Column: In the Trump administration, it's always 'A Day Without a Woman'

WASHINGTON -- Let's hope there's generous funding in Republicans' new health-care bill to prevent and cure tone-deafness. Wednesday was International Women's Day, and to observe this annual commemoration House Republicans formally took up their l...

WASHINGTON -- Let’s hope there’s generous funding in Republicans’ new health-care bill to prevent and cure tone-deafness.


Wednesday was International Women’s Day, and to observe this annual commemoration House Republicans formally took up their legislation defunding Planned Parenthood, the nation’s largest provider of health services for women.


House Speaker Paul Ryan, at a news conference Wednesday morning, boasted about ending the funding of Planned Parenthood, listing it as one of the things “we’ve been dreaming about doing.” And what better time to make this dream come true than on International Women’s Day, on the eighth day of Women’s History Month?



This could be the beginning of a new legislative style in Congress:


Bills to “build the wall” could be marked up on Cinco de Mayo.


The Iranian nuclear deal could be scrapped later this month on Nowruz.


Plans to cut military assistance to Europe could be rolled out on D-Day.



It’s enough to give new meaning to National Awkward Moments Day -- observed on March 18.

President Trump, in a morning tweet, marked International Women’s Day by hailing women as “vital to the fabric of our society.” But that’s not quite the message his administration and its allies in Congress have been sending. Women’s rights activists held a strike and protests Wednesday, declaring it “A Day Without a Woman.” In the Trump White House, it must often feel like that kind of day -- and not only because Melania is in New York.


A USA Today analysis last month found that men outnumbered women by more than 2 to 1 among top White House aides. Trump named only four women to his Cabinet, the fewest in a generation, and none to the top jobs at the State, Treasury, Defense and Justice Departments. His nominee for labor secretary withdrew as opponents made an issue of the way he and his company treated women, and Trump fired acting attorney general Sally Yates, an Obama administration holdover, after she refused to back his first travel ban.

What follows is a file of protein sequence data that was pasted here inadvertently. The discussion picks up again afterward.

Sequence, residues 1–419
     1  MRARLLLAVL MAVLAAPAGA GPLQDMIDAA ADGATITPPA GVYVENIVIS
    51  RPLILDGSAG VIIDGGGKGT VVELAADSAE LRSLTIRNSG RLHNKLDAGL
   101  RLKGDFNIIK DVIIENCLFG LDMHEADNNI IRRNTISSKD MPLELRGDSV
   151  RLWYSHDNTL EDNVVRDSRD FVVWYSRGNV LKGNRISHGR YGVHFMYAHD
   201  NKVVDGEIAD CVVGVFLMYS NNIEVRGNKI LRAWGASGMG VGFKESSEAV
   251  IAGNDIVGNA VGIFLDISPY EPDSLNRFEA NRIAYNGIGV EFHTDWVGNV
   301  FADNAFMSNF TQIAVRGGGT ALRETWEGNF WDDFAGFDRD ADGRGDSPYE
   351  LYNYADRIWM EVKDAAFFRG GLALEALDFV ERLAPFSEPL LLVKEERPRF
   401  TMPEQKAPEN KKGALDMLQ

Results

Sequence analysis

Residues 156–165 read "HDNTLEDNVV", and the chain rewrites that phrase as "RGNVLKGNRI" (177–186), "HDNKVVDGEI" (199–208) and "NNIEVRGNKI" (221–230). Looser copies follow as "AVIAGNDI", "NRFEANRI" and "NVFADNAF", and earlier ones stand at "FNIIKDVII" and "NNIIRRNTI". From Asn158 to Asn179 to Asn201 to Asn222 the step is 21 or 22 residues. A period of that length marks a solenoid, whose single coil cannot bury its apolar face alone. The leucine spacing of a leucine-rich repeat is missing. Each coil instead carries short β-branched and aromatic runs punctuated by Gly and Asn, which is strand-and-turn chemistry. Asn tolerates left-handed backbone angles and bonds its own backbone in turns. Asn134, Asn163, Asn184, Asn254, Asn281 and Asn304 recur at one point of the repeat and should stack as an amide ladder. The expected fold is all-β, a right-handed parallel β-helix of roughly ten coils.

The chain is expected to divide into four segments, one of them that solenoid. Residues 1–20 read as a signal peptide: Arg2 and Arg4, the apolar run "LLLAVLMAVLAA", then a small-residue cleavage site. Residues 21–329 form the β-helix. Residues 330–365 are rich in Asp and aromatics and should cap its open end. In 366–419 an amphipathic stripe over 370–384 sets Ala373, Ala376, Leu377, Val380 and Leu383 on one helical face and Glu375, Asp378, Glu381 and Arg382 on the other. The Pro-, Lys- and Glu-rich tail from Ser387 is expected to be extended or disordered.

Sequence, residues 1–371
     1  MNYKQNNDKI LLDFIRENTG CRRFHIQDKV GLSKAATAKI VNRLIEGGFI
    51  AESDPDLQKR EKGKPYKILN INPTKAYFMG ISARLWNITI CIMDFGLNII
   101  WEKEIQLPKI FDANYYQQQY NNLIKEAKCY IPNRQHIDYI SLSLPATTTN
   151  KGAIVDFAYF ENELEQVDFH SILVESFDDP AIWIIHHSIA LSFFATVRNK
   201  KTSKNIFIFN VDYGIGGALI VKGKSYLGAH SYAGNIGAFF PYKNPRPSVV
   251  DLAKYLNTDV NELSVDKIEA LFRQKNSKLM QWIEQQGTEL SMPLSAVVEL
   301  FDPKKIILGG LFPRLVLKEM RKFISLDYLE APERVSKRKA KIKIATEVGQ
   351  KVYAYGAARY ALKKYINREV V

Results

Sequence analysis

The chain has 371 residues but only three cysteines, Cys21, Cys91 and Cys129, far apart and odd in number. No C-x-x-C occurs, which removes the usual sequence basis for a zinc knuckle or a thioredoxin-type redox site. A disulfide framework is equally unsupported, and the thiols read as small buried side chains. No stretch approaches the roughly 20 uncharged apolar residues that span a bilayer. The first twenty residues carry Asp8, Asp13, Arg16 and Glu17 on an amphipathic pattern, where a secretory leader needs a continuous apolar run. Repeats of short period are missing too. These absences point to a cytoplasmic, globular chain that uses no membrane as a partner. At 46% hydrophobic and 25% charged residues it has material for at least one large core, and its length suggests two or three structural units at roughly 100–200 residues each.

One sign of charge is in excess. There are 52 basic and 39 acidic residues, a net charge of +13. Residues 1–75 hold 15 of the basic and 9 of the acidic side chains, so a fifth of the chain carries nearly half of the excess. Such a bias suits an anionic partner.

Meeting with the nation’s governors recently, Trump welcomed the governors “and their wives and daughters,” as if no women were governors. Trump’s vulgar statements about women, caught on tape, were a prominent part of the campaign, and, according to the media outlet Axios, he requires women working for him to “dress like women.” He has hired as his executive assistant in the White House a 26-year-old barre fitness instructor who served as the elevator “greeter” at Trump Tower.



And it isn’t just about appearances, as Emily’s List, a Democratic group that supports abortion rights, notes. On Jan. 23, two days after the huge Women’s March in the nation’s capital and other cities, Trump signed an executive order reinstating the global gag rule denying international funding to any organization that discusses abortion, even if the group doesn’t perform abortions. A photo of the signing showed Trump surrounded by men.


Trump on his first day in office signed an order to “ease the burden” of Obamacare and has blessed the congressional legislation that could end Obamacare’s Medicaid expansion and its rule requiring insurance plans to cover maternity care. The bill is silent on the provision in Obamacare requiring contraception to be provided at low cost.


Trump, who promised to appoint justices who would overturn Roe v. Wade, nominated to the court Neil Gorsuch, who wrote the appellate decision in the Hobby Lobby case exempting employers from providing birth control as part of employer health plans if it conflicts with management’s religious beliefs.


As of the end of last week, only eight bills had been passed by the new Congress and signed into law by Trump, half of them noncontroversial “suspension” bills. But it isn’t for lack of trying.

Republicans in Congress have introduced a variety of abortion bans. The House passed the “No Taxpayer Funding of Abortion Act,” which opponents charge could block even private insurance from covering abortion.


The House passed a bill overturning a rule President Barack Obama signed in December forbidding discrimination against Planned Parenthood and other family planning providers under Title X -- clearing the way, Democrats say, to reducing access to contraception. The Senate, likewise, used the Congressional Review Act in its vote to overturn Obama’s “Fair Pay and Safe Workplaces” rule, designed to protect against, among other things, sexual harassment in the workplace.


That’s quite a bit, and it’s still early. If this is how Trump and his allies in Congress celebrate International Women’s Day, one shudders to think how they will observe April 5: National Go for Broke Day.

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